Look Out Below

I was uneasy ... but my instructor urged me to go ahead


I learned some lessons recently about what it really means to be pilot-in-command, crew resource management, takeoff planning and personal minimums. I hold a commercial helicopter rating with private ASEL privileges and an instrument rating (obtained seven months ago). Total time is about 230 hours, with eight hours in actual IMC.

It was a typical winter day in the South, 48 degrees with a forecast of 1800 overcast, with temporary periods of 400-800 broken. It seemed like a good day to schedule some dual in actual IMC to maintain my IFR currency. Arriving at the airport, the temporary lower ceilings seemed a little more persistent than the forecast would indicate. On the non-precision approach to our satellite airport, I normally like to keep my personal minimums to 800 ft, with 500 feet for the ILS at the nearby Class C airport. When I expressed my doubts about the ceiling, the FBO manager said no problem, go for it.

My young flight instructor (who obtained his CFII the same day I got my instrument rating), said no problem. I reasoned that since I had an instructor, I could settle for slightly less than my own personal minimums.

Mistake #1: Your personal minimums have to remain fixed, no matter who else is in the aircraft. As we were getting settled into the aircraft, the FBO owner came out and said, the temperature/dew point spread is only about 1 degree, so be careful. Visibility can go to zero in a hurry. If that happens, shoot the ILS into the Class C and well come get you.

My instructor said the spread has been stable all day, so there shouldnt be a problem. I was uneasy and suggested delaying the flight until the next week, but my instructor urged me to go ahead.

Mistake #2: If you are pilot in command, make your own decision. Dont let others influence your judgment. As we taxied out, the defroster seemed to be working poorly. Most of my flying is in warmer weather, so I didnt realize the significance of that at the time. We received our clearance from the Class C approach control, lined up on the runway and made a clean takeoff.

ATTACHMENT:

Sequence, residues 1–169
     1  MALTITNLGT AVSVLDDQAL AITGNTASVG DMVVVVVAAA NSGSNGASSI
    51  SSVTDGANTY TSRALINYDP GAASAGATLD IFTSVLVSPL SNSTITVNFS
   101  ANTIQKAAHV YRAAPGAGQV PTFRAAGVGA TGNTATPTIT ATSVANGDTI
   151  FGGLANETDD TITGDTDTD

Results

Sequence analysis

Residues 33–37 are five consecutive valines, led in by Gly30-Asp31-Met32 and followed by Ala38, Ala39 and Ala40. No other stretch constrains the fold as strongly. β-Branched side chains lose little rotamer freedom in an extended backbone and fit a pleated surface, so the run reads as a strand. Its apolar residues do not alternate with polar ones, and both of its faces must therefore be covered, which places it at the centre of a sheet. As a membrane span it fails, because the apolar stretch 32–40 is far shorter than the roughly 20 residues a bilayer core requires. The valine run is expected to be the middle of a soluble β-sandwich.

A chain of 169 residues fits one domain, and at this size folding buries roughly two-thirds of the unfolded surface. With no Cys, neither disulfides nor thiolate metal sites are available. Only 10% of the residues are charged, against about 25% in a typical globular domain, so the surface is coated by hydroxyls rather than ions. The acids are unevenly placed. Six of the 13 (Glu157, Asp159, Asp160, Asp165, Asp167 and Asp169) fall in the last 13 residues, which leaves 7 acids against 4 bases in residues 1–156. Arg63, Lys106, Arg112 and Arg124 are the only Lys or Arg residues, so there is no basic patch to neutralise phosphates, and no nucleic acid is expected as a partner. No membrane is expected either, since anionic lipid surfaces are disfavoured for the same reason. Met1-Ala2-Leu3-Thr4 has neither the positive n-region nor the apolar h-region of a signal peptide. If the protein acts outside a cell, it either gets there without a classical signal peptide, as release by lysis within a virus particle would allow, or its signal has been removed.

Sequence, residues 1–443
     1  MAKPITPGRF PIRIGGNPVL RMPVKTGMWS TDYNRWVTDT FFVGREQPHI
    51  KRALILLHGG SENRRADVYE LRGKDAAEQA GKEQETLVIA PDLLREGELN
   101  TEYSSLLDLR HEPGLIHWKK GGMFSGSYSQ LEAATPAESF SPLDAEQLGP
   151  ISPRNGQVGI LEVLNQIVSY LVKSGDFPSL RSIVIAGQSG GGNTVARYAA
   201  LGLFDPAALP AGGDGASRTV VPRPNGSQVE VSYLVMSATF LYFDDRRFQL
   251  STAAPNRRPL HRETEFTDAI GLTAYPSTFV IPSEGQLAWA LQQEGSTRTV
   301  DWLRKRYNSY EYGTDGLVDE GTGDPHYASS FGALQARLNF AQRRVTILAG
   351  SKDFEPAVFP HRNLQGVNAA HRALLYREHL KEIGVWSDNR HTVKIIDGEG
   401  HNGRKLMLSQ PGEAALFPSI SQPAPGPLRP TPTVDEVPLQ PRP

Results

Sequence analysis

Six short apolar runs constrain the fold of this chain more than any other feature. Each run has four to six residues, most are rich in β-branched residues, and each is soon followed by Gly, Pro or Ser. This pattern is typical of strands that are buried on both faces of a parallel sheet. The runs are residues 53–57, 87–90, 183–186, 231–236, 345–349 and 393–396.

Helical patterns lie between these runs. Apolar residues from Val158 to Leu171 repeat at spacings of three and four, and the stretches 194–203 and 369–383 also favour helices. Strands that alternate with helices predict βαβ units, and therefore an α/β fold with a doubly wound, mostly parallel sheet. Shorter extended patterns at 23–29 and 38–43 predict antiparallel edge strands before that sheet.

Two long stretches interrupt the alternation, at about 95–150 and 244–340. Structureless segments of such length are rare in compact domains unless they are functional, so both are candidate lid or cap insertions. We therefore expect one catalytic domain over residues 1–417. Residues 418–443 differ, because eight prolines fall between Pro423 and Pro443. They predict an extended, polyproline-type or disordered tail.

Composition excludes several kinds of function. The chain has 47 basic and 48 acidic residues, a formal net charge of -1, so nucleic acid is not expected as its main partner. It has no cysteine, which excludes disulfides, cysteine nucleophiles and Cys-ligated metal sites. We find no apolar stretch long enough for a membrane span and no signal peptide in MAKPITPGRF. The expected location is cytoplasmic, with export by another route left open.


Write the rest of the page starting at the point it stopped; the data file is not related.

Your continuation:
Scanning the six-pack, I was just reaching for the radio to contact ATC as we entered some wispy clouds when my instructor said, we have smoke in the cockpit. Looking down at his feet, I noticed some light smoke coming from under the panel. I was reaching for the electrical switch when my instructor said, turn back for the runway now.

I nosed over into level flight and started a turn back to the runway, which was just visible through some thin clouds. Although I had always had a plan to land straight ahead in the event of engine failure on takeoff, I hadnt planned for other types of emergency that would require a return to the airport under power. Instead of just making a downwind landing on the 6000′ clear runway we had just departed, I began a tight traffic pattern for a normal landing.

Mistake #3: We didnt talk about emergency actions before takeoff. Review your emergency contingency plans immediately prior to entering the runway. By this time, the smoke had cleared, but the runway was only intermittently visible. My instructor was saying do you have the runway in sight? Keep it down out of these clouds, etc. I was worried about the Notam of an unlighted tower to the east of the airport, so I didnt want to get too low.

We were right on top of the approach end of the runway at about 400′ agl. As we began to circle back to the runway, it disappeared in the low clouds. Vertical visibility was good, so I could see landmarks below that told us where we were. About that time, my instructor saw the runway on his side of the airplane and I transferred control to him for the landing.

Mistake #4: We didnt use CRM very well. We should have split the duties with one concentrating on flying and one concentrating on looking for the runway. We taxied in, shut down, and called ATC to cancel the flight plan. It turned out that the defroster duct was loose and some oil that I had unknowingly dripped on the exhaust during preflight had caused the momentary smoke.